In sum, the seminar will provide a cross-disciplinary framework for examining the relation between political and aesthetic practices by drawing on influential methodological paradigms. The seminar is ideally suited to professors and post-doctoral scholars in a range of fields (including German Studies, History, Political Science, Sociology, Film Studies, Theater and Performance Studies, Architecture, and Art History). Participants will be encouraged to incorporate their own fields of interest as well as present their work in progress.

The seminar will end with a two-day conference. This conference will involve seminar participants, Michigan faculty, and graduate students, offering the former an opportunity to present their work to an interdisciplinary audience. Part of the conference will address the resonances between our present moment and fascist formations in the twentieth century.

Julia Hell is Professor of German Studies at the University of Michigan. Hell is the author of The Conquest of Ruins: The Third Reich and the Fall of Rome, forthcoming with the University of Chicago Press. Hell also co-edited Ruins of Modernity (Duke University Press, 2010), and received the MLA’s Scaglione Prize for her Post-Fascist Fantasies: Psychoanalysis, History, and the Literature of East Germany (Duke University Press, 1997). From 2005-2014, Hell co-edited The Germanic Review: Literature, Culture, Theory, and from 2013-2015, she served as a member of the PMLA Editorial Board (2012-2014). In 2005, Hell co-taught one of the NEH Summer Seminars, entitled “The Culture of Terror: Revisiting Hannah Arendt’s Origins of Totalitarianism.” On The Conquest of Ruins, see https://press.uchicago.edu/ucp/books/book/chicago/C/bo29202736.html . For articles, see https://umich.academia.edu/juliahell.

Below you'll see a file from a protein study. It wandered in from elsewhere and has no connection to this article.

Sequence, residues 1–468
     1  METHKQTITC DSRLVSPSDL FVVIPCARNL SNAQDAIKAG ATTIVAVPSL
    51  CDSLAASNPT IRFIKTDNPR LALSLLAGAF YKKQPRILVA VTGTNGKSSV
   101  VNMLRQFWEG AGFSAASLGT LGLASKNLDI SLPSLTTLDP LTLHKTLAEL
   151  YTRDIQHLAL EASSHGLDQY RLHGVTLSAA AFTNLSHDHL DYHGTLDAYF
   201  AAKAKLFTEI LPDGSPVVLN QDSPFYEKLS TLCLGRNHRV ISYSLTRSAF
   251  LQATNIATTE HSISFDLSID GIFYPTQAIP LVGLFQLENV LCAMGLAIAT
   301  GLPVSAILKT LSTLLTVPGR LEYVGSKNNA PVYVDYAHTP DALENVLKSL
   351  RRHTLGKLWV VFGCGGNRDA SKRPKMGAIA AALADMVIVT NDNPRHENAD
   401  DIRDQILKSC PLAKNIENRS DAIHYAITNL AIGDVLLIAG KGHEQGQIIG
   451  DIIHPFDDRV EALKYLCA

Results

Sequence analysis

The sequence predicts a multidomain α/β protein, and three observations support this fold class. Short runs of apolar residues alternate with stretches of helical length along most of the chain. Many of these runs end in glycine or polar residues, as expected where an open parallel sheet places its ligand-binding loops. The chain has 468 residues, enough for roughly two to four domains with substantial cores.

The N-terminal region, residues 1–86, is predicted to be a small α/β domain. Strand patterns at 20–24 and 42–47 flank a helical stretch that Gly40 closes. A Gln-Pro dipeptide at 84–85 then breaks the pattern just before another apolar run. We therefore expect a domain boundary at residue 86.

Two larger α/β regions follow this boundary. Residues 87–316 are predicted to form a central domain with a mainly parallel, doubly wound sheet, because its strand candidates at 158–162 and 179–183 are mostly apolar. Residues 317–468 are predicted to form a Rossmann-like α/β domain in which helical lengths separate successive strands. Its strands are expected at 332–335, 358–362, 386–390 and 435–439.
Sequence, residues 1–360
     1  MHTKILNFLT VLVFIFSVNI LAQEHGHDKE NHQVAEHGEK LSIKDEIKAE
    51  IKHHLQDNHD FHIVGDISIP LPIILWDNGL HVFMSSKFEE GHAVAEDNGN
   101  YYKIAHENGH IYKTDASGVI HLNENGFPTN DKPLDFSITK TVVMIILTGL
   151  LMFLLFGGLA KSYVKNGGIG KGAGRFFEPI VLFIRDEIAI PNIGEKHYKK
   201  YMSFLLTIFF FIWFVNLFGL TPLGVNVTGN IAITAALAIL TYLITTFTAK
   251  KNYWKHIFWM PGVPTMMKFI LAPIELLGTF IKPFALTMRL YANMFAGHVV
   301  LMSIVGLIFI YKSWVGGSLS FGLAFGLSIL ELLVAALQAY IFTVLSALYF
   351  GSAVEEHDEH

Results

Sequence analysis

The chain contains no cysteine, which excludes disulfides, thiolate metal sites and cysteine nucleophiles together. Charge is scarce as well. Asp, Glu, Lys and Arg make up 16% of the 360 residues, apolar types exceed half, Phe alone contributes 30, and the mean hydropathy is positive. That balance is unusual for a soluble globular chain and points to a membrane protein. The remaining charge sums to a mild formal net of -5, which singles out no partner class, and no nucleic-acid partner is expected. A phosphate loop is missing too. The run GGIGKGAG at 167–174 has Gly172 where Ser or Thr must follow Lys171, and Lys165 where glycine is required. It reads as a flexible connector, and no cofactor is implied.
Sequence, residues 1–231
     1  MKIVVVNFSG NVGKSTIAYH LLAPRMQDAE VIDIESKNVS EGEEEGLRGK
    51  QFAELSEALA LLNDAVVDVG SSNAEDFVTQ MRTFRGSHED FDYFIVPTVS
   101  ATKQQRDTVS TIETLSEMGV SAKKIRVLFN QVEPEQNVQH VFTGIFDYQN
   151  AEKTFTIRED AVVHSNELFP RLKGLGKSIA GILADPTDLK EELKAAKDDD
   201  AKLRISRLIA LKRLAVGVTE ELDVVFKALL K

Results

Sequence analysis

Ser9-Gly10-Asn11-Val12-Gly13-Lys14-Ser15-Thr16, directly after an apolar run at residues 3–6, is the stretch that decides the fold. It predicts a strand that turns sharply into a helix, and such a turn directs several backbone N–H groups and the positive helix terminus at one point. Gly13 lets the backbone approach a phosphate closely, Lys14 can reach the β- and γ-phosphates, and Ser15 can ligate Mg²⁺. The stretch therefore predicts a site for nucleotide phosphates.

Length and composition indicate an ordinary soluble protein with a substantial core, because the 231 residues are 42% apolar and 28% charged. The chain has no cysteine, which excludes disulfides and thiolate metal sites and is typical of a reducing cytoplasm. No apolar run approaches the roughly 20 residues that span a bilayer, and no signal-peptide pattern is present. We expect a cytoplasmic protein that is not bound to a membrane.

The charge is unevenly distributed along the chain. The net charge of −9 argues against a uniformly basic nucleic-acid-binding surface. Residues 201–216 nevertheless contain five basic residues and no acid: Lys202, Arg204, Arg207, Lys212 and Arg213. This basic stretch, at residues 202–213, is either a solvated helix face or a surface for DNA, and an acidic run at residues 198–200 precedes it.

For further information about seminar content, please contact:

Julia Hell
Professor of German Studies
Department of Germanic Languages and Literatures
University of Michigan
812 E. Washington St., 3206 MLB
Ann Arbor, MI 48109-1275
E-mail: hell(at)umich.edu

For other seminar-related questions, please contact Katy Mattingly at the Department of Germanic Languages and Literatures:

Katy Mattingly
Department of Germanic Languages and Literatures
University of Michigan
812 E. Washington St., 3106 MLB
Ann Arbor, MI 48109-1275
E-mail: ktlm(at)umich.edu

Application and Deadline

All parts of the application must be typewritten or computer-generated and submitted in duplicate (original and one copy).

Please do not staple any of the application materials.

A complete application consists of the following parts:

  • DAAD application form entitled "Interdisciplinary Summer Seminar in German Studies” (which is available for download in the box on the right). Please answer all questions on the form, even if you refer to additional material
  • Curriculum vitae
  • Complete list of publications
  • A detailed statement explaining your interest in attending the seminar
  • One letter of recommendation

Application deadline: March 1st, 2019. Please send your application to:

Julia Hell
Professor of German Studies
Department of Germanic Languages and Literatures
University of Michigan
812 E. Washington St., 3206 MLB
Ann Arbor, MI 48109-1275
E-mail: hell(at)umich.edu